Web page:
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Helen Hambly Odame <[log in to unmask]>
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Helen Hambly Odame <[log in to unmask]>
Fri, 19 Feb 2010 15:43:58 -0500
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Hi Becky

At University of Guelph we're using the Community Service Learning model to engage students in community development and social justic projects in undergrad and grad courses in capacity development and extension (where we teach various courses in communication process). The undergrad class that has used this framework is Educational Communication (www.communicationprocess.ca) and it is actually taught in distance education format.

The other more relevant example is our graduate course in Development Communication - Communication for Social Change where the students work in praxis on a comdev project either individually or in small groups. Most often their partners are NGOs in Canada or internationally. We have learned to include the following in the course: 
a) learning contract between student(s) and community organizations; 
b) necessary ethical considerations/permissions for the project; 
c) public presentation of the comdev project for awareness raising and feedback.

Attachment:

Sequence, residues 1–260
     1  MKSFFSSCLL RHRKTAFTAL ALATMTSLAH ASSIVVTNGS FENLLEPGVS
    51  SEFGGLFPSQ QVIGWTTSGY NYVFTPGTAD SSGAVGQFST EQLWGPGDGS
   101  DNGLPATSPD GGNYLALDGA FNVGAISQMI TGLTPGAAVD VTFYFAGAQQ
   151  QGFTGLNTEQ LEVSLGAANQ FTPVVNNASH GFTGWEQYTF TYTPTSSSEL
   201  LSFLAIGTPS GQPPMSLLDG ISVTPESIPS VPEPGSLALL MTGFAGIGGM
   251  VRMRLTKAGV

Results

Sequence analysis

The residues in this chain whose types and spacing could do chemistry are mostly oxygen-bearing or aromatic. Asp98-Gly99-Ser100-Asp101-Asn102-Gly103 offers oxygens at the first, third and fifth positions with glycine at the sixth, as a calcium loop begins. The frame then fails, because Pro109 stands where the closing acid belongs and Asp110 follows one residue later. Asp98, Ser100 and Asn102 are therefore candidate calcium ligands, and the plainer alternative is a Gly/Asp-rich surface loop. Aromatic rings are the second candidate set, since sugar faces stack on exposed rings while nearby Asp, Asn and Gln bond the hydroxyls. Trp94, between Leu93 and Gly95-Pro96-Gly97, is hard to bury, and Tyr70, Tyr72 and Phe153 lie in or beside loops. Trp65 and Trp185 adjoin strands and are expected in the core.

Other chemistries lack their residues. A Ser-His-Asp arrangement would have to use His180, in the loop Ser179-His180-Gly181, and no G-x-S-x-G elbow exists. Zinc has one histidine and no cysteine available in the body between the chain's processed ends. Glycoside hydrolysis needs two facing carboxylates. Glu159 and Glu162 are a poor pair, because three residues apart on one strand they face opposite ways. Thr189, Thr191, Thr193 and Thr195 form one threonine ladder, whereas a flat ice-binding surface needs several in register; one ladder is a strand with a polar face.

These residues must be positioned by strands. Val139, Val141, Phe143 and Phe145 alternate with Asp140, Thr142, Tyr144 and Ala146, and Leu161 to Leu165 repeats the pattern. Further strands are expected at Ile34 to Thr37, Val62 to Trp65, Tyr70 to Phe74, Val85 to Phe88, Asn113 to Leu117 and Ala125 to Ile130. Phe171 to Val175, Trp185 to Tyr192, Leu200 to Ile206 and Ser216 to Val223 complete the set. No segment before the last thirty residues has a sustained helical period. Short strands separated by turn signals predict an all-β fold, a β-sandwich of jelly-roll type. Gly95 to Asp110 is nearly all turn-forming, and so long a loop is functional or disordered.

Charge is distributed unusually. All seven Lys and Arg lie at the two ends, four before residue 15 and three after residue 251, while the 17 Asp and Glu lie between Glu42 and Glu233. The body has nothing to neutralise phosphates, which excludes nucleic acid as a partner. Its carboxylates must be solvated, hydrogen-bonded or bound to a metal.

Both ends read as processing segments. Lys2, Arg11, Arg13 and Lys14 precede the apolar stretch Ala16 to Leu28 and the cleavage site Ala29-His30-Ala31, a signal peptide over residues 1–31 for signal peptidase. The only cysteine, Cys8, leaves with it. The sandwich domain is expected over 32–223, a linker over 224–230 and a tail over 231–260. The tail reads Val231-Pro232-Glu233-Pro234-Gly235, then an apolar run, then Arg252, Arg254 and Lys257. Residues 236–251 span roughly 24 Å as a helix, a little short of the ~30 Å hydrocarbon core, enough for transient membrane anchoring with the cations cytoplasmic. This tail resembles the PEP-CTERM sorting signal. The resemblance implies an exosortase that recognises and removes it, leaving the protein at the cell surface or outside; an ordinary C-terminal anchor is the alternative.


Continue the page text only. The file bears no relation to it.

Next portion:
For anyone interested in the model offered by community service learning there is a Canadian Alliance for CSL that is quite active and has various resource materials on its website: http://www.communityservicelearning.ca/en/


----- Original Message -----
From: "Prof. Becky Lentz" <[log in to unmask]>
To: [log in to unmask]
Sent: Friday, February 19, 2010 10:21:49 AM GMT -05:00 US/Canada Eastern
Subject: Request for information on community radio media policy research 'clinics'

Dear colleagues, 

I’m trying to find models of university-based courses/syllabi that have already implemented and/or piloted something like a legal clinic model used in law schools, but adapted for/to the field of media/communication policy. The idea is to use a class as a kind of research lab/clinic for an NGO needing research that could be completed in a semester term. So, the syllabus would be described as a theory/practice clinic and a call for ‘clients’ would go out ahead of time; NGOs could apply to be a client for the class; the class meets and does a set of projects for one or more of these clients. Kind of like in business schools where a class takes on a client as a pro bono project. 

Does anyone have any models to offer like this that have been used for community and/or campus radio/media organizations anywhere in the world? If so, can you please email me offline? 

Thank you, 
Becky Lentz, Ph.D. 
Assistant Professor, Department of Art History and Communication Studies 
McGill University 
853 Sherbrooke Street West, Arts Building, W-265 
Montreal, QC Canada H3A 2T6 
514.398.4995 (phone) 514.398.7247 (fax) 
email: [log in to unmask] 
Dept website: http://www.mcgill.ca/ahcs and Media@McGill: http://media.mcgill.ca/ 
Web: http://rgmagnolia.wordpress.com/